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Advanced Remote Sensing Technique Aids in Identifying Hydromorphic Soils

Advanced Remote Sensing Technique Aids in Identifying Hydromorphic Soils

The global demand for food production has led to the expansion of agricultural frontiers, posing a significant threat to water resources. One such threat is the impact of crop systems on hydromorphic soils (HS), which directly affect groundwater and influence the recharge of riverine ecosystems. Despite improvements in environmental regulations, detecting and protecting these soils remains a challenge. A recent Mello et al. (2023) study presents a novel solution using advanced remote sensing techniques.

The researchers applied a temporal remote sensing strategy to generate a synthetic soil image (SYSI), which was then used with a random forest (RF) model to map HS across a vast area of 735,953.8 km2 in Brazil. The study found that HS exhibited different spectral patterns from other soils, making them detectable by satellite sensors. The slope and SYSI were the most significant contributors to the RF prediction model, which achieved an accuracy 0.92 through cross-validation.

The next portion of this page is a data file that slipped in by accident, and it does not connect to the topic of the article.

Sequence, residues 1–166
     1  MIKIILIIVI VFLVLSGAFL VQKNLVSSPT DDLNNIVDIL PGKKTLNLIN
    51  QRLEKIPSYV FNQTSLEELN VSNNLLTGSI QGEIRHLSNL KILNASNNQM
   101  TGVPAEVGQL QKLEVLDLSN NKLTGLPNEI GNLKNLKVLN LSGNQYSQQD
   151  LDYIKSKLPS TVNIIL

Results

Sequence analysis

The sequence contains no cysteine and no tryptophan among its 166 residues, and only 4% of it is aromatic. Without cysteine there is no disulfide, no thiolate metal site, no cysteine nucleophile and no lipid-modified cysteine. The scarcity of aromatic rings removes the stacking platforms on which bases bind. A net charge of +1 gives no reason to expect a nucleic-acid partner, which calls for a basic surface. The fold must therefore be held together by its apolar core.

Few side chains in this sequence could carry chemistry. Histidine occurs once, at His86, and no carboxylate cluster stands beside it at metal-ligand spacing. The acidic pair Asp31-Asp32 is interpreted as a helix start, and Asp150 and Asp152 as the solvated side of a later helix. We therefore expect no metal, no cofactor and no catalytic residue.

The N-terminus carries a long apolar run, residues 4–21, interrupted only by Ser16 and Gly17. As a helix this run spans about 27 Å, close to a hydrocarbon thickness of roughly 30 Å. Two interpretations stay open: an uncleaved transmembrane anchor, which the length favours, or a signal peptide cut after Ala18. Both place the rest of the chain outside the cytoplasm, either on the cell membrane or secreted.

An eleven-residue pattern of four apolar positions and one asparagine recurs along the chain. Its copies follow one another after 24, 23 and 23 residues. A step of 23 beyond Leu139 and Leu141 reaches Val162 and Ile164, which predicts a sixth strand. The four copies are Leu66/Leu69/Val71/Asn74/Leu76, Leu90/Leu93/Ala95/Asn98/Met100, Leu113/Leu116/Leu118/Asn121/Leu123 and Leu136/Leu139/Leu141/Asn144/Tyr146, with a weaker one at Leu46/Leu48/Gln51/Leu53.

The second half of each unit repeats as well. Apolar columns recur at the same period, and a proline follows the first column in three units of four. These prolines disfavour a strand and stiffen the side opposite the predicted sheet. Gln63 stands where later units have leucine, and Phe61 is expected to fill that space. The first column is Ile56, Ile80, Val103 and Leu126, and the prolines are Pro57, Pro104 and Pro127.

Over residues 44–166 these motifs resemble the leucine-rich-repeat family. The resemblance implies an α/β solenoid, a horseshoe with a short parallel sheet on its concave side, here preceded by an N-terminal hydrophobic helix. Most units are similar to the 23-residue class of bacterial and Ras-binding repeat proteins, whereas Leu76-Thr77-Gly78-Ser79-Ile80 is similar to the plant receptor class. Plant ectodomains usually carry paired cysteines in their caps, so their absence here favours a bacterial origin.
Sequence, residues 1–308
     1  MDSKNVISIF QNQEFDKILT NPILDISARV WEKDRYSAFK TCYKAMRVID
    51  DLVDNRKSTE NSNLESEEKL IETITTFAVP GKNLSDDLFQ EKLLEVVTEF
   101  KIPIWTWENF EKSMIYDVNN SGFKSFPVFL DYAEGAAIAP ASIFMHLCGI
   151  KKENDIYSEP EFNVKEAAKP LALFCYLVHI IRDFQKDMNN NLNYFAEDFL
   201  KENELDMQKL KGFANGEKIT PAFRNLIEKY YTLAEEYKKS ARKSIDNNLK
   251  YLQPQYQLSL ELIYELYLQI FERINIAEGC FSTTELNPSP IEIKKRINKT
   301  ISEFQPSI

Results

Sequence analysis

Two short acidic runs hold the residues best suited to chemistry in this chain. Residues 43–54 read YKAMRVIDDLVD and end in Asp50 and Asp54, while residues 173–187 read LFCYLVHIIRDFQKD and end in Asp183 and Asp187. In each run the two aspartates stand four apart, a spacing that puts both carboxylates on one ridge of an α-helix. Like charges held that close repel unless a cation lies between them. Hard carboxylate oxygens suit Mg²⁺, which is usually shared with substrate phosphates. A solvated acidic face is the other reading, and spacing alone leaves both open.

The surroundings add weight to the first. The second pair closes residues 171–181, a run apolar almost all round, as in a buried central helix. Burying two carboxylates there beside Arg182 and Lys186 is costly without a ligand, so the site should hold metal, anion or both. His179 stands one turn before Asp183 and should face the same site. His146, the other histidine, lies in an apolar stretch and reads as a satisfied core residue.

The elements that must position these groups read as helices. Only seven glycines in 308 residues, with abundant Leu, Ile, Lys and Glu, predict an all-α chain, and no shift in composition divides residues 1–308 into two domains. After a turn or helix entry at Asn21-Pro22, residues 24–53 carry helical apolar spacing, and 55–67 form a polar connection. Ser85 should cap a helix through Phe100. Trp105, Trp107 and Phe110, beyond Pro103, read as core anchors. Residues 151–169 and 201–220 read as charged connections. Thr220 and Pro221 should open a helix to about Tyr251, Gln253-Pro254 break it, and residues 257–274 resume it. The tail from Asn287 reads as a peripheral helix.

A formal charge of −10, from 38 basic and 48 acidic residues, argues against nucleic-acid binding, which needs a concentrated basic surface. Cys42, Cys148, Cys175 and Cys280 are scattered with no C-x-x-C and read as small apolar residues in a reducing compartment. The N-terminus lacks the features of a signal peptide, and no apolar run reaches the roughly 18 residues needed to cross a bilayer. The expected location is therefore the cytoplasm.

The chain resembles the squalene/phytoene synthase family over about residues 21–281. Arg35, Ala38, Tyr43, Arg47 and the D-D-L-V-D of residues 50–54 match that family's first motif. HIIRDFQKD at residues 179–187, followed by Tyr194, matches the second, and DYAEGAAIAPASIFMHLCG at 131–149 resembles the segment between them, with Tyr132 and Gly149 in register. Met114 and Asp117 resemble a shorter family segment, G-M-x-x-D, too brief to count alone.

The study revealed that 14.5% of the area represented HS, with the majority located within agricultural areas. Soybean and pasture areas contained up to 14.9% HS, while sugarcane areas contained just 3%.

The findings of this study are significant as they present an advanced remote sensing technique that can improve the identification of HS under agriculture. This could assist in developing public policies aimed at conserving these vital soils. The study underscores the importance of using advanced technologies in addressing environmental challenges and ensuring sustainable agricultural practices.

Photo by Njegos K on Unsplash 

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